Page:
After a short hiatus, a welcome return to our Meet the Members series in which we profile one club member. Well worth the wait as this week we hear from David Esler.
Q1. When and why did you first take up running?
In 2016 I was tipping the scales at 17 stone and I thought I needed to do something about it. I bit the bullet and signed up for a gym membership and I quickly realised why I had avoided the place for so long. I reckon I’m a motivated guy, but I really need someone to tell me what to do otherwise I’d never push myself enough to make a difference. I also didn’t believe the machines when I was nearly dying with the effort I put in and had only burnt off about 50 calories. I was going to the gym burning off a couple of hundred calories and celebrating by consuming several thousand. As luck would have it work were entering a team into the Belfast half marathon and one of the legs dropped out so I volunteered to step in. I had about 8 weeks to train for my leg (5 miles from Gideons Green). To this day I don’t know how long it took me, but I do remember having to walk some of it and feeling sick with the amount of jelly babies I’d eaten to fuel my run. The atmosphere on the day was brilliant, and something I wanted to experience again so the next goal became the Belfast Half Marathon in September.
Q2. What running-related achievement are you most proud of and why?
When I started running, I was signing up for everything and I discovered the Park Run. Getting up for 9:30 on a Saturday morning was probably the biggest challenge and I only did about 5 park runs in the first 2 years, but then I fancied getting one of those T-Shirts so I set myself a goal to reach my 50 milestone. It doesn’t sound like much but when you can only do one race a week it is a real exercise in commitment and consistency. I got to 50 just before Christmas last year and it was the most chuffed I had been completing any race.
Q.3 What is your favourite race and why?
After experiencing the Marathon in May the Belfast Half in September was the first race I’d put real effort into training for. Before the race I set myself 3 goals, 1, Get to the start line, Finish the race, complete it without having to stop to walk. Not goals that would trouble any of the greats but for me it is all about enjoyment. I also hit all those goals.
Q4. After we get through these uncertain times, what is your next big running goal?
My running goal hasn’t changed, it is all about enjoyment. I do have a different goal that does involve running and that is to complete a half Ironman. I completed the virtual distance during lockdown, the next goal is to do it on a race day. The run is the small matter 13.1 miles after having cycled 56 miles and swam 1,900m. I’m eyeing the Celtic Warrior in Mullingar in 2021.
Q5. What is your favourite workout and why?
It must be intervals. The Harriers do a coached speed session on a Tuesday night and I find it really does make a difference. Running around a cricket pitch might not sound like a lot of fun but it is one of the few sessions that keeps all running abilities in the same group. Having the coaches on hand also pushes me far more than if I was doing the training on my own.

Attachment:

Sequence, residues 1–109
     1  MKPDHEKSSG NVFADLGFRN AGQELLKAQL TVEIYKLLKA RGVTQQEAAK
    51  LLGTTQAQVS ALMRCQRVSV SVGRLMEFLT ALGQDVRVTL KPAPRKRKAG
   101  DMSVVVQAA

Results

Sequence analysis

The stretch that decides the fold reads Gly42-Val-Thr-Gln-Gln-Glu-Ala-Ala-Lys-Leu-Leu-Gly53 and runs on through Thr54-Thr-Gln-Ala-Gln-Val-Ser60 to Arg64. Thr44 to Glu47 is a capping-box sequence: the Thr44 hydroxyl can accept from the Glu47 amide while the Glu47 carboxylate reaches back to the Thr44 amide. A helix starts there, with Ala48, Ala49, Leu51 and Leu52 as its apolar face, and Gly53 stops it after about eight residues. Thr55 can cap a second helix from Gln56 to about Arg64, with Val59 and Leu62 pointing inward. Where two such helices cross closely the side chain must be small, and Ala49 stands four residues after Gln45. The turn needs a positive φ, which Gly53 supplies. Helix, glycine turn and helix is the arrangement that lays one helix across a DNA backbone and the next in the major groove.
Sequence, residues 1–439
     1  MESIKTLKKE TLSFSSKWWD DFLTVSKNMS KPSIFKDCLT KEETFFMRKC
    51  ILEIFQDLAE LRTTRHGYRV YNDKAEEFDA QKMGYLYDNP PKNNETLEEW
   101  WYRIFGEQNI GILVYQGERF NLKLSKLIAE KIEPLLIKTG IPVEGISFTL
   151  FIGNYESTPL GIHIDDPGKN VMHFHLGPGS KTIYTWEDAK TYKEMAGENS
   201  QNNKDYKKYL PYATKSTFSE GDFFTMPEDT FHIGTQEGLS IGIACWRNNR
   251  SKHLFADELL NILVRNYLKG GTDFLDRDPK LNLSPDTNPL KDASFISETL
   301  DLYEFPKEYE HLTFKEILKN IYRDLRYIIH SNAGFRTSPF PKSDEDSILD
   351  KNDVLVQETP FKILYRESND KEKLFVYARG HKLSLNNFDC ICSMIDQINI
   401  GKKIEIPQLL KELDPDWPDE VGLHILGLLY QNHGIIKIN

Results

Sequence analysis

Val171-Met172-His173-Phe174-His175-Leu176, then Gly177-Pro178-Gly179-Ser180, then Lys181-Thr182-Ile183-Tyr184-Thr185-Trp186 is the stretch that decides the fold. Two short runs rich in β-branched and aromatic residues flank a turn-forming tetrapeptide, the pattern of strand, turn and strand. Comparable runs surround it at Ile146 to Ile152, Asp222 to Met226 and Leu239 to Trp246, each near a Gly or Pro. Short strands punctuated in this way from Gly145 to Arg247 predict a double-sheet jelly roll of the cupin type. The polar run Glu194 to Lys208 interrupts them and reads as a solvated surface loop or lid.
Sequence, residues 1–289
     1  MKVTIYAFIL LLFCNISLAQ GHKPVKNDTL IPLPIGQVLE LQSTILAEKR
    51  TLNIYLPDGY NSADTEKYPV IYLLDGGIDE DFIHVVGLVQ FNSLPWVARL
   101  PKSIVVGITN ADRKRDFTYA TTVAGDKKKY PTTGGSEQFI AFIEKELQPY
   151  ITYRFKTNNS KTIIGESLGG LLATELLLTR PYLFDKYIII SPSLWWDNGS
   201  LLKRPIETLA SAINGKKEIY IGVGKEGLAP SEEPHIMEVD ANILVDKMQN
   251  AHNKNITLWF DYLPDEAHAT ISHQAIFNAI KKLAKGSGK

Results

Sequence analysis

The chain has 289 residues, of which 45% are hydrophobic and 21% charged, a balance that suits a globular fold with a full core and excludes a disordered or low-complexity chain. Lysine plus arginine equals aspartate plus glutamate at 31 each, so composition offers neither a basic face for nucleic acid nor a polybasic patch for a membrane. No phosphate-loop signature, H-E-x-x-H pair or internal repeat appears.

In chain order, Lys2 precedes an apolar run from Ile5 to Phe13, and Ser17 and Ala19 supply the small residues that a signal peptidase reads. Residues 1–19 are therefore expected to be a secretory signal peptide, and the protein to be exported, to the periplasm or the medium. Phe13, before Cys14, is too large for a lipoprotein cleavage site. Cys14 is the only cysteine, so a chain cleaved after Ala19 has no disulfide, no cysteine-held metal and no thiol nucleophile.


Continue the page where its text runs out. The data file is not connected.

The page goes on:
Q6. What is the most embarrassing thing that has happened to you while running?
I’ve been fortunate enough that I haven’t been caught short on any long runs or God forbid on race day, probably in no small part to the advice the coaches and other more experienced runners at the club. The worst that happened me was training for the Belfast Marathon I decided it was too warm to wear a compression vest so just wore my race vest. Everything was grand until after it rained and my nipples chaffed for over 10 miles. Running through the streets of Glengormley and Belfast with 2 blood stained streaks down the front of my t-shirt wasn’t nearly as embarrassing as it was painful to get showered afterwards.
Q7. When and why did you join Mallusk Harriers?
After doing the marathon leg in 2016 I knew I wanted to keep the running up, I also knew I wouldn’t have the discipline to do it on my own so a friend at work recommended the Mallusk Harriers and brought me to a couple of the Tuesday night sessions. It was obvious early on that I’d get so much out of the structured session and the experience from the other members and coaches that I could make big improvements and not have to make all the mistakes myself. Being part of a big club also means there are no shortage of friendly faces when out pounding the streets in the pouring rain.
Q8. What have you learned most about yourself since you started running?
Mental toughness. Running is incredibly physical, but I’ve discovered, especially over the longer distances, it is just as much a mental challenge. I’m happy that I’ve been able to finish all the races I have started and having that constant internal battle can be the biggest challenge.
Q9. Outside of running, what is your favourite activity or hobby?
I love watching films and if I get a day off and peace, I can watch them back to back. 6 in one day is a personal record.
Q10. Name one club member that inspires you and why?
It is hard to narrow it down to just one person, the Harriers are a club and it is all the members that make it what it is. That said, it is all the work and organisation that goes on behind the scenes that allows us to have a functioning club at all. For me, the work Laura Campbell and Lee-anne Skillen do, on top of their real jobs and families, gives us all a club to call our own. Thanks guys!